‘I can’t pay my Cambridge college bill yet, I’m still waiting for my bursary’

Cambridge University distributes bursary payments far too late for students to maintain a comfortable standard of living

Cambridge University sends their bursaries out to students far too late into the term.

Given the cost of living crisis, students are unable to pay their College Bill whilst maintaining a comfortable lifestyle. A basic choice presents itself during term: pay your rent and struggle, or struggle with the knowledge that your college bill is looming in the background.

Speaking relatively, the conventional Cambridge student relies on their student finance and student maintenance loans which come in at the beginning of each term, but only is it until around week four do those eligible receive the university’s bursary payment. Many students receive Cambridge University’s standard bursary. Yes, granted, some receive more than others, but there is still a difference in one’s bank account when Sainsbury’s prices of pesto and fajita kits have drastically risen. A question I beg to ask is, can the university possibly change this?

(Image Credits: Zoe Porter)

I myself am in receipt of the bursary and I checked the date of when my College Bill was due this term in Lent, the deadline of the 3rd of February. Yet, the date of which I received my bursary payment was the 6th of February.

Upon confirming this on their financial support website page, Cambridge University confirmed that February 6th was its earliest date of payment this term. It is baffling to me that students who may not necessarily be as financially covered by their student finance or other means of scholarships are expected to bridge that gap. 

I spoke to a second year from Churchill College struggling with her finances in Michaelmas, and she asked: “Why does it genuinely take until week four for the bursary to come in? Week three feels like hell until I get to that point.”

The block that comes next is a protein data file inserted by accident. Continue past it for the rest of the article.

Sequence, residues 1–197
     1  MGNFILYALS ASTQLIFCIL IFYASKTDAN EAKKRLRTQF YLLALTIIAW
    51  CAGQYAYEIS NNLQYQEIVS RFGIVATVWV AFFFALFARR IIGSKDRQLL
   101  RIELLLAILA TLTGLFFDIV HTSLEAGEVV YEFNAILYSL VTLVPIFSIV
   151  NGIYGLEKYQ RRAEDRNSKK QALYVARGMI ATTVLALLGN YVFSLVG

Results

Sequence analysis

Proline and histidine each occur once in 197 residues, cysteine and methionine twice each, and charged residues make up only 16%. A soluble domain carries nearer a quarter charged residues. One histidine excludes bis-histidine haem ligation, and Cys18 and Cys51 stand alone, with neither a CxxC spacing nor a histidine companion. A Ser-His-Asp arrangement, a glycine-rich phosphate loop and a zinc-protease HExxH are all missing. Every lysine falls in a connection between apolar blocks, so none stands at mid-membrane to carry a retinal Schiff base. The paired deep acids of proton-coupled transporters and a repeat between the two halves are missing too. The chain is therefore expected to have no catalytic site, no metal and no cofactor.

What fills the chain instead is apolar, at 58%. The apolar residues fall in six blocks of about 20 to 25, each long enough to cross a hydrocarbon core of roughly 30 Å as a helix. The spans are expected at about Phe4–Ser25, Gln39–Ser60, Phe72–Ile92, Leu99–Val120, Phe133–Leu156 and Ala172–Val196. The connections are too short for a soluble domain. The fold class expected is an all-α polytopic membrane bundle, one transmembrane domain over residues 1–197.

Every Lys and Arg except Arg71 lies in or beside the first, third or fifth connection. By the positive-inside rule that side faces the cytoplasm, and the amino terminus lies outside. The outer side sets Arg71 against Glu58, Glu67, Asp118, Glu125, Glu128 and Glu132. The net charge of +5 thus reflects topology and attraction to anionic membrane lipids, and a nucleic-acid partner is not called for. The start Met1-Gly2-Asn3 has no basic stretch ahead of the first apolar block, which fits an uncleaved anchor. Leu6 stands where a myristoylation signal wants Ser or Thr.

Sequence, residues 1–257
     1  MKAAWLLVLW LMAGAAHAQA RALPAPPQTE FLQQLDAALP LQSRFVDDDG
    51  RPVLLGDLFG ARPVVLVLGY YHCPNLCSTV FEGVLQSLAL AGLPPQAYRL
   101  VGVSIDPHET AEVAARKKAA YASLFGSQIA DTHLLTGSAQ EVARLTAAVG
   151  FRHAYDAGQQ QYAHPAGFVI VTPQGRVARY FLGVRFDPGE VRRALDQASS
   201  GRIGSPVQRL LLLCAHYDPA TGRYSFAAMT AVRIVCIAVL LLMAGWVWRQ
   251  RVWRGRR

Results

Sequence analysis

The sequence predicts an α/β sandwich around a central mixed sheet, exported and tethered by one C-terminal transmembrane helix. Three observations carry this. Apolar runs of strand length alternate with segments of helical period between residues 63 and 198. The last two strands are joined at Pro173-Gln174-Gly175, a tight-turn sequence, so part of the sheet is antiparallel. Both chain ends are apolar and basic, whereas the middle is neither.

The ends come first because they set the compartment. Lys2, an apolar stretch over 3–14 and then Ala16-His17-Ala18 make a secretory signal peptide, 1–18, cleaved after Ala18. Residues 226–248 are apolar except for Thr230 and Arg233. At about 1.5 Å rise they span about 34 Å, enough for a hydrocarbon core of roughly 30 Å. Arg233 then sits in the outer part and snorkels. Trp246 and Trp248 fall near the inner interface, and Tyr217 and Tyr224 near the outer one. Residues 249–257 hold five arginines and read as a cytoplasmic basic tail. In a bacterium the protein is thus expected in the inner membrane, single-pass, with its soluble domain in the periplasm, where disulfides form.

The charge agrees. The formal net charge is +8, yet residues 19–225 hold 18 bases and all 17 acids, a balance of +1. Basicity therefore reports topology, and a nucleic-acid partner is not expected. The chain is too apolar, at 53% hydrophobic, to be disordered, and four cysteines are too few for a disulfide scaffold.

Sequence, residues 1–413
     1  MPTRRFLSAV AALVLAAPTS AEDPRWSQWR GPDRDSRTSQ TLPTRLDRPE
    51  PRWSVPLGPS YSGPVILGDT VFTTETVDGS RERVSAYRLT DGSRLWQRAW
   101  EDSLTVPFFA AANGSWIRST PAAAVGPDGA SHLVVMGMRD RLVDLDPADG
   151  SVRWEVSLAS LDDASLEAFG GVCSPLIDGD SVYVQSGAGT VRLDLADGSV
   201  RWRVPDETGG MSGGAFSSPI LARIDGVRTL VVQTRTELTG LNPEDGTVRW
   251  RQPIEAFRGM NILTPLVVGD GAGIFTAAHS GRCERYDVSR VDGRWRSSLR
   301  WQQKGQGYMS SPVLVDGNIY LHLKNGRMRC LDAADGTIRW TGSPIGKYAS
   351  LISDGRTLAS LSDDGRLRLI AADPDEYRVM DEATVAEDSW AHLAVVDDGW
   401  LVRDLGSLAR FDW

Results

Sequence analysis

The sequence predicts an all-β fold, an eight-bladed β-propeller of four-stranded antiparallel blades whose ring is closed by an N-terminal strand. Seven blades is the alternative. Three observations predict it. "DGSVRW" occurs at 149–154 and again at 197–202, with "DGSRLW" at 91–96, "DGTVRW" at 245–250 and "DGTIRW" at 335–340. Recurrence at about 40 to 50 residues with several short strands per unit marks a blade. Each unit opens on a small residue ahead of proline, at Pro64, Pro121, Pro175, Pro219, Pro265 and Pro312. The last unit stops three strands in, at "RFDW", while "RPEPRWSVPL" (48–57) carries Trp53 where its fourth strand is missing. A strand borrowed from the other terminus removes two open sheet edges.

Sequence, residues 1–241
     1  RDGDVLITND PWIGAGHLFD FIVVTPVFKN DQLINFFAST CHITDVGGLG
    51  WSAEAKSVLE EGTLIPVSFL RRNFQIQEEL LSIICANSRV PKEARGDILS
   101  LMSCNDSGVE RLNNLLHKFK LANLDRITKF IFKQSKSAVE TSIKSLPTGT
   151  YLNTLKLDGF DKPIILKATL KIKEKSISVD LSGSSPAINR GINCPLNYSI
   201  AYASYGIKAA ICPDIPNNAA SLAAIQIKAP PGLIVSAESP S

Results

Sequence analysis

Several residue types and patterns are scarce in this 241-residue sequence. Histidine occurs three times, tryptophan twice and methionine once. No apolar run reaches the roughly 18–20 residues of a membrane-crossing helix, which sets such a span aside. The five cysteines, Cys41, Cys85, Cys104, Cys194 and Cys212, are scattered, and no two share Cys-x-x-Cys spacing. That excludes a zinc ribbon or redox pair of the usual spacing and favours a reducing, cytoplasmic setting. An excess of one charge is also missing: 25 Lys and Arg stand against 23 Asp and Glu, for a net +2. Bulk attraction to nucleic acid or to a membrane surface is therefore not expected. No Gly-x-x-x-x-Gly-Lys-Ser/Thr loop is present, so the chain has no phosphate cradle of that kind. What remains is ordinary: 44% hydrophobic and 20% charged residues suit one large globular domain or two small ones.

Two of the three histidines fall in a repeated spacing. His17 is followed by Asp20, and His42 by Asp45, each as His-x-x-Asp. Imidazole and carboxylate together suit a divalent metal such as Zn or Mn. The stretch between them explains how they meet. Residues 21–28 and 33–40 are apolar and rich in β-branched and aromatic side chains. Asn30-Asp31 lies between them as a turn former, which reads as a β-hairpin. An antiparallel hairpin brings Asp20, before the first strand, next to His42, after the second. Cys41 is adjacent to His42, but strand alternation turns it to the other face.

This Camfess from Michaelmas term perfectly encapsulates the general consensus forming regarding how late bursaries are being paid to our bank accounts:

(Image Credits: @2Cam2fess, Nov 2022)

Speaking to another second year undergraduate at St John’s, she said her student finance “doesn’t cover my college bill so the bursary is needed for that… there are some restrictions with the bursary coming in half way through term, especially given now that there are so many raises in price of living in Cambridge — from May Balls to weekly shops”.

Cambridge University heavily discourages students to get a part-time job, and on speaking to another student, he said his only option is to tutor. Earnings from tutoring would go on things such as eating out, weekly shops, and even small things like club night tickets- these things do add up. He relies on the tutoring job in order to bridge the gap until his bursary payment comes in.

Sidge girlies can only thank their lucky stars that their new buttery has finally opened. Coffee is slightly cheaper to ease their Seeley Library essay crises.

(Image Credits: Zoe Porter)

I took it upon myself to compare our situation to the other half of Oxbridge. With my top tier investigation skills, I only managed to discover that students at Oxford University receive their bursary in the second week of every term. The proof is in the pudding: Oxford’s own website about student funding.

I mean, if Oxford University can send out their bursary payments much earlier into term, why can’t Cambridge?

The singular counterargument I shall provide for why students are obliged to wait until week four for payments, is that bursary payments of week four are used to stretch over the latter half of term. Thus, students have no choice but to wait until the halfway mark to feel slightly more financially secure. But, this should be down to the individual rather than the university in deciding how and when to spend their bursary, right?

(Image Credits: Zoe Porter)

The obvious conclusion then is that Cambridge University, whilst willing to offer us support, have seemingly failed to consider the practicalities of it.

It seems now one of the rare times I encourage us to turn to Oxford as an example.

The University of Cambridge has been contacted for comment.

Feature Image Credits: Zoe Porter, @2Cam2fess, Nov 2022

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